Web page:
Nick Potts – PA Images via Getty ImagesRashford said he feared registrations to the government-backed food voucher scheme were ‘plateauing’
Marcus Rashford has kickstarted a drive to get more disadvantaged families signed up to a food voucher scheme – prompting calls from Labour that the footballer is having to “do the government’s work for them”.
The England and Manchester United striker urged health professional to help get more children signed up to the government’s healthy start food voucher scheme after it emerged that 40% of those eligible were still not registered.
In an open letter published in the British Medical Journal, Rashford said he was worried that after an initial good start last year, numbers were now “plateauing”.
“Since November 2020, members of the child food poverty taskforce have used their channels and platforms to communicate about the healthy start scheme and to tell people how to access it, with the hope that we will be able to reach the majority of those most in need,” he said.
“While we have seen 57,000 more parents benefit from the scheme as a result, I’m concerned we are plateauing.
“More than 40% of those eligible for the vouchers are still not registered for the scheme, and I’m confident that the majority of these parents can be found in communities just like mine, where I grew up — no internet, no high street, no word of mouth.”
Labour’s shadow child poverty secretary Wes Streeting accused the government of having “no strategy for lifting children out of poverty”, adding: “Once again we see Marcus Rashford having to do the government’s work for them.”
Rashford’s letter is not the first time the footballer-turned-campaigner has intervened to provide decent food for children.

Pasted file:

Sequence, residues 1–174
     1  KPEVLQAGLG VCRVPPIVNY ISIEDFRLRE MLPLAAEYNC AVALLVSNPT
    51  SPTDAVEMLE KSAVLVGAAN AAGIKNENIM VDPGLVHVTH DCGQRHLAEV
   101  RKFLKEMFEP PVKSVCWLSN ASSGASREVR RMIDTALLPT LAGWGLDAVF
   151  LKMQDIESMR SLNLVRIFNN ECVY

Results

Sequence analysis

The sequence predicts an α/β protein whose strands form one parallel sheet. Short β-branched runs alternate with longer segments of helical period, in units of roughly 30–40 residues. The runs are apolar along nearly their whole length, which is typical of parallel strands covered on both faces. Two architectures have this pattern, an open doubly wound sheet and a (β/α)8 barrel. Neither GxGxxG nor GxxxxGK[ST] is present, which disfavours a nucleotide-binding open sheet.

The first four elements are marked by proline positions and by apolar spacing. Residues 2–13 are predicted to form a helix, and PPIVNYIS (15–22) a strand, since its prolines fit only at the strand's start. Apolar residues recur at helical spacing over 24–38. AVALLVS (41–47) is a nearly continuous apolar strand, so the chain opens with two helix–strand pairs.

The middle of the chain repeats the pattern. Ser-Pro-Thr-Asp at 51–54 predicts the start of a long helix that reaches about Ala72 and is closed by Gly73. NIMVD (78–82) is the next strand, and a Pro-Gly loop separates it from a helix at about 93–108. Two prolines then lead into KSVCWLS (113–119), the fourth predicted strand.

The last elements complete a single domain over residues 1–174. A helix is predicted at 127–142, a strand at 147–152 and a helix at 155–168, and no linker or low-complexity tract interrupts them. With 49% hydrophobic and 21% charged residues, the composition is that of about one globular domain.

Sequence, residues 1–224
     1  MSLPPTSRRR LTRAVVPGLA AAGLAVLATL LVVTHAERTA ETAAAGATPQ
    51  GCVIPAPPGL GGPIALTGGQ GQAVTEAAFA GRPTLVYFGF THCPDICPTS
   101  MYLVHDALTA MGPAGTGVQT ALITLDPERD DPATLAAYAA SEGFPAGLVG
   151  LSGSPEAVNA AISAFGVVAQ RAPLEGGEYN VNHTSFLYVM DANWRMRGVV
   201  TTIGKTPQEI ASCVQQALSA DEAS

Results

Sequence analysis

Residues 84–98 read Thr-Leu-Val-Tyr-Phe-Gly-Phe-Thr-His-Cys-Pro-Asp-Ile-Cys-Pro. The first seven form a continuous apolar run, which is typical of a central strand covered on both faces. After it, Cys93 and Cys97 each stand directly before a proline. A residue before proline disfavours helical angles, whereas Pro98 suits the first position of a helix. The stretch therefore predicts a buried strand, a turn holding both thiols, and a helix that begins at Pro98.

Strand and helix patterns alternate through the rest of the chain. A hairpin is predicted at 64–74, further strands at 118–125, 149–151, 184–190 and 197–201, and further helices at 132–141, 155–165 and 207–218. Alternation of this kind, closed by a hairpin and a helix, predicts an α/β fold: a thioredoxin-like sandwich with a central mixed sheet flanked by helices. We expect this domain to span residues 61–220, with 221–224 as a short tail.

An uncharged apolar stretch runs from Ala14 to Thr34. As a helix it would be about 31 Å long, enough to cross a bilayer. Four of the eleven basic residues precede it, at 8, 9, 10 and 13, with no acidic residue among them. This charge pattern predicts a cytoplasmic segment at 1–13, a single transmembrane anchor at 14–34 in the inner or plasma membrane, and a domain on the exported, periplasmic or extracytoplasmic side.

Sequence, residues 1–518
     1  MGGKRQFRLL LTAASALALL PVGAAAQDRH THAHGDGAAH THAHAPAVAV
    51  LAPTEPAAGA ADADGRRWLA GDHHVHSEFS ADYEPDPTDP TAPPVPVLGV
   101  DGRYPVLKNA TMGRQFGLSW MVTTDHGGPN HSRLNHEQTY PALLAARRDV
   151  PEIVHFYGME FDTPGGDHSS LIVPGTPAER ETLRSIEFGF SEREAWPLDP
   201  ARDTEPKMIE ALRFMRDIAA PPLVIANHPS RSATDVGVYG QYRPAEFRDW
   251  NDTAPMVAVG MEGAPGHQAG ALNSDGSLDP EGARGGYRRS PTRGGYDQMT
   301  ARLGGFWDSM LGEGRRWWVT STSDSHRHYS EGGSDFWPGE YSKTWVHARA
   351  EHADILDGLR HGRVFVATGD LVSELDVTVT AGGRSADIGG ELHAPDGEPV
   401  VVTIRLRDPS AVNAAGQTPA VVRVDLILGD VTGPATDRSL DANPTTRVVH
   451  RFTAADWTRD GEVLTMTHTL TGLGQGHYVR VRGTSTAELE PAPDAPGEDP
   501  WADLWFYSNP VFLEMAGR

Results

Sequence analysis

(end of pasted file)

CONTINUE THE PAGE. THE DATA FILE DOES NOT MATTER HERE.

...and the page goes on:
Last year he forced the government into a U-turn over free school meals so that they were provided to vulnerable children during the summer and Christmas holidays.
In May he became the youngest person to top the Sunday Times giving list by raising £20 million in donations from supermarkets to tackle child food poverty.
Rashford, who has spoken movingly about his own experience growing up in poverty, said the stigma attached to receiving help from the state was “the most silly thing I’ve ever heard”.
In a letter to MPs last year urging them to back the child food poverty taskforce, Rashford recalled hearing his mum cry herself to sleep as she worried about how to make ends meet.
“I remember the sound of my mum crying herself to sleep to this day, having worked a 14-hour shift, unsure how she was going to make ends meet,” he wrote at the time.
“That was my reality and thankfully I had the talent to kick a ball around to pull us all out of that situation.
“Many can’t find that way out and aren’t being offered a helping hand to do so.”
The department for health and social care has been contacted for comment.